Everyone’s Invited (Matthew 22:1-14) Sunday School Lesson

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Use this free Bible lesson for kids in your Sunday School class when teaching the Parable of the Wedding Feast from Matthew 22:1-14. The download below includes crafts, games, printables and a complete teaching plan.

“Everyone’s Invited!” Sunday School Lesson on the Wedding Feast in Matthew 22:1-14

parable of the wedding feast sunday school lesson for kids

“Many are called, but few are chosen…” This statement, directly following the scene of throwing guests out into the darkness with weeping and gnashing of teeth, might seem a little harsh and selective in terms of God’s love and acceptance. However, the parable of the marriage feast is not one of sadness or devastation, but an opportunity to highlight the loving King who welcomes all that are open to His invitation. Just as the guests at the wedding feast had only to put on a garment, we have only to “put on” Jesus. Some will refuse this free gift, but it is available to all who accept God’s calling.

Lesson focus: God welcomes all people into His family, if only we are willing to believe and accept the free gift of salvation. We might make silly excuses for neglecting or rejecting faith, but in the end it’s as easy as putting on a piece of clothing. We are clothed in Christ, washed in His blood and welcomed to God’s Heavenly “party”! We can rejoice in that celebration, and also spread the word to “invite” others to join His loving family, as well.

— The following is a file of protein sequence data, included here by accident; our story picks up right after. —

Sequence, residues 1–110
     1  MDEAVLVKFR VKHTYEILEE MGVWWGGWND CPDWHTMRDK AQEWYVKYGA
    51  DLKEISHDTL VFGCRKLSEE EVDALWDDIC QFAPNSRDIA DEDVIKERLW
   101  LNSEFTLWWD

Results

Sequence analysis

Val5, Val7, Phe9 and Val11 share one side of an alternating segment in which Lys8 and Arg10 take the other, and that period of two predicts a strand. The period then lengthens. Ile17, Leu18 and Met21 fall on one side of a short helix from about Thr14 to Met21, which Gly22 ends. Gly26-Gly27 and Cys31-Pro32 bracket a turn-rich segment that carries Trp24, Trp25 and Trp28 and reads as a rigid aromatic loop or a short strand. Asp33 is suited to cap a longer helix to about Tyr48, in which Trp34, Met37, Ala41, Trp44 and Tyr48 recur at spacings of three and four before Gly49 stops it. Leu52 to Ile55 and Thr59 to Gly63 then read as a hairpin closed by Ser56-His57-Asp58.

Passage: Matthew 22:1-14

Target Audience: Kindergarten-6th grade (or whoever you might have around!)

Materials Needed: Construction paper, decorative materials, glue, scissors, markers, pencils, pipe cleaners, tape, string, felt, paper bags, magazines, noisemakers, balloons, Bible (all optional, depending which activities you choose to use—except for the Bible, you need that for sure).

Lesson Introduction: Games and Activities

Lesson Opening: This lesson has to do with a party of sorts, and includes themes of gifts and feasts. To kick off the conversation, try some introductory activities. These could actually be sprinkled throughout the lesson, or completed after it, as well, depending on preference.

Here are some activities to get kids thinking…(select the best ones for your audience and age group): 

  • Food collage…the story has to do with a feast, a large banquet full of food and celebration. Have students cut out pictures of food using magazines or newspapers, and attach them to a larger sheet of paper or “invitation.”
  • Dressing up…discuss different types of clothing that are worn for different activities, such as sports, fancy events, or church. In this story, an item of clothing plays a special symbolic role.
  • Noisemakers: make or provide some fun noise maker materials, such as kazoos, party shakers, or clappers. Enjoy making a joyful noise and establishing a party atmosphere!
  • Excuses…in the story Jesus told, several people made up excuses for why they “couldn’t” go to the king’s wedding feast. Talk about excuses that we make and things we do to get out of chores or attending parties, or even doing fun things.

Explain that today we’ll look at a Gospel parable that Jesus told to explain how God wants all people to be saved, and all we have to do is accept His free gift in Christ. As we listen to the story, pay attention to the different reactions that the “invited guests” in the parable have to the king’s invitation.

Ask: Who is able to be part of God’s family? What does it take to be saved by Jesus?

Parable of the Wedding Feast (Matthew 22:1-14) Sunday School Lesson

Bible Lesson:  As always, how you choose to experience the story will vary according to the ages and abilities of your children (and how many are participating). This passage could work with dramatic presentation, re-telling the story in a modern way (for younger audiences particularly), acting out with puppets/skits, or simply reading the parable.

 And again Jesus spoke to them in parables, saying, “The kingdom of heaven may be compared to a king who gave a wedding feast for his son, and sent his servants[a] to call those who were invited to the wedding feast, but they would not come. -Matthew 22:1-3